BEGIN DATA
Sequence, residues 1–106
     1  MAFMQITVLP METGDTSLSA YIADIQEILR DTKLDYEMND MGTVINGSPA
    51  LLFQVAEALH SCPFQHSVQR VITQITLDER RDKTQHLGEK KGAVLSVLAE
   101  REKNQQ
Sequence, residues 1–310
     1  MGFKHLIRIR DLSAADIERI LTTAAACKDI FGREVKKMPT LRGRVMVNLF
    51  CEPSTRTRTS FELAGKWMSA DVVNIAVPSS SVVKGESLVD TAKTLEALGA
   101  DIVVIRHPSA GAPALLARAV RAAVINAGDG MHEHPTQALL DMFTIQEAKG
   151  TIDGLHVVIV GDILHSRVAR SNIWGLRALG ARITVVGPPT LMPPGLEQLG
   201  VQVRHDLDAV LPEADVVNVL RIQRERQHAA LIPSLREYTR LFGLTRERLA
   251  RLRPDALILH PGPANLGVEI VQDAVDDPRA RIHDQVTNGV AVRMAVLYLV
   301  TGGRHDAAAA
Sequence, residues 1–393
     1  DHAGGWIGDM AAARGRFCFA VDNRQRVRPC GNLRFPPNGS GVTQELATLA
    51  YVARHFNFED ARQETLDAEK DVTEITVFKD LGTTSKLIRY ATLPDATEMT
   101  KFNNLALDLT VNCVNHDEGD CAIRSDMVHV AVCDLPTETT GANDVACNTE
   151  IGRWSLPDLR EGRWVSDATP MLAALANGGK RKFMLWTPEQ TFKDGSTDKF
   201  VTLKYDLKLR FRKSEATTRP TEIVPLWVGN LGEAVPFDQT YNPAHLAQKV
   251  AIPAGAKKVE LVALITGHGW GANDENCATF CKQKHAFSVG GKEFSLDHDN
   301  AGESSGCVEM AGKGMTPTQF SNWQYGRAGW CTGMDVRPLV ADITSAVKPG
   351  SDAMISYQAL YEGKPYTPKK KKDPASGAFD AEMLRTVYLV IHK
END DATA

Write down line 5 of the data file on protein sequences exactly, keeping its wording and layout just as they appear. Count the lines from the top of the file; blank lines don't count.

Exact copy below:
Sequence, residues 1–310